It’s no small feat to have two V-8s among the 2015 Ward’s 10 Best Engines. Of 36 powertrains tested, only three employ eight pistons.

Automakers aren’t investing heavily in new V-8 engine programs, instead focusing their resources on downsizing and potent 6-cyl. engines with forced induction to do similar work.

But General Motors powertrain engineers know there’s no replacement for displacement, and that the seventh-generation Chevrolet Corvette that launched more than a year ago needed some small-block magic.

They pulled a rabbit from their hat in the form of a cam-in-block 6.2L naturally aspirated V-8 that purrs at idle, spins smoothly in casual driving as if it’s barely working and breathes fire down the stretch.

The second V-8 to make the list was the Dodge Challenger SRT Hellcat’s outrageously supercharged 707-hp moonshot of an engine, and the staff contemplated whether two low-volume muscle-car drivetrains needed to be honored the same year we evaluated four electric vehicles, two hybrids and a hydrogen-powered fuel cell, not to mention 18 4-cyl. engines.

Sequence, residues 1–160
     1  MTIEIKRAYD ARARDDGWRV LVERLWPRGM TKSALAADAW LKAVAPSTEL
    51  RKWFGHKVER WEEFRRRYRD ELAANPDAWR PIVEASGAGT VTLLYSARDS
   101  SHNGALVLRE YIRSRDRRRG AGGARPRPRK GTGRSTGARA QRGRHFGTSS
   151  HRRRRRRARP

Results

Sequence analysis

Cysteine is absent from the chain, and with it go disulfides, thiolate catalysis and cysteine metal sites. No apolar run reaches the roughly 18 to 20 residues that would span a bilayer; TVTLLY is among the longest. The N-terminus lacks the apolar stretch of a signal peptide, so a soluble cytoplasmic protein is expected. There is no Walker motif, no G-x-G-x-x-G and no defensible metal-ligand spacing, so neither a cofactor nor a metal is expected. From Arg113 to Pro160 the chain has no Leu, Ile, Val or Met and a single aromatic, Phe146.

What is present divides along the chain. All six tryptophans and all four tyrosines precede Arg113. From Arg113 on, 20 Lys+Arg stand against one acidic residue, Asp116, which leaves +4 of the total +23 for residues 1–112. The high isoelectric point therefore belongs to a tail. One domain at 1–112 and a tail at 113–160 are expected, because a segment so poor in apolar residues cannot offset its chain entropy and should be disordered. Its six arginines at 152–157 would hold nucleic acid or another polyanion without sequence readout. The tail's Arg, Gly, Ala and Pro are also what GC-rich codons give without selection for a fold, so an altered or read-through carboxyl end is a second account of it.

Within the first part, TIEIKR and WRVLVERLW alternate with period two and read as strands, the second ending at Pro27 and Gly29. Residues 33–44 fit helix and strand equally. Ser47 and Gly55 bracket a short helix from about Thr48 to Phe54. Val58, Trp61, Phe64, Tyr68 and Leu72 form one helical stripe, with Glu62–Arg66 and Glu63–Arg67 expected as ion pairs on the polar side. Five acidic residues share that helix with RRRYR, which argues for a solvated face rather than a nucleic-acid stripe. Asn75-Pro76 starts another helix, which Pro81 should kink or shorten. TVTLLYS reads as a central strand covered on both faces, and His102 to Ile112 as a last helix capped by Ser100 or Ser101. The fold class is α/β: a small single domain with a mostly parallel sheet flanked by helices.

Ultimately, there was no debate over the political correctness of these two pushrodders: They both got the nod, for different reasons.

In Cold War terms, the Corvette’s LT1 all-aluminum, direct-injected V-8 would be considered a nuclear deterrent. Whereas the Hellcat Hemi V-8 is a Braveheart mallet to the face, the 460-hp ’Vette powerplant is a black-ops sniper with a clear shot in daylight.

If it’s drama you want, it can be dialed up. Combine a lightweight aluminum frame, magnesium and aluminum suspension bits and fiberglass body panels, and the power-to-weight ratio is enviable: 1 hp for every 7.25 lbs. (3.3 kg) of mass, actually better than a Porsche 911. Agility is the Corvette’s calling card.

Fuel economy grows more important each year for the Ward’s 10 Best Engines competition, and GM’s LT1 engine did not elude scrutiny among environmentally minded staffers.

With variable valve timing and Active Fuel Management, which allows the LT1 to run in 4-cyl. mode during light load, the Corvette might fool you as a fuel sipper.

During our time with the car, WardsAuto editors logged 350 miles (563 km), and a few of us topped 20 mpg (11.7 L/100 km) with the new 8-speed automatic transmission. That’s 2 mpg (0.8 km/L) better than we got last year with the manual.

But the 8AT isn’t just an efficiency play. It also enables a 3.7-second run to 60 mph (97 km/h), which is faster than the manual.

Yes, the small-block lives on, with its 90-degree layout and surprisingly compact packaging, and GM deserves credit for sticking with a massive re-engineering of the legendary engine family throughout the bankruptcy churn of 2009.

The LT1 shares its bloodline with the LV3 4.3L V-6 and the L83 5.3L V-8, but its closest sibling is the L86 6.2L V-8 in GM’s fullsize pickups.

These other engines were new last year and surely will outsell the LT1, but they will never outperform it.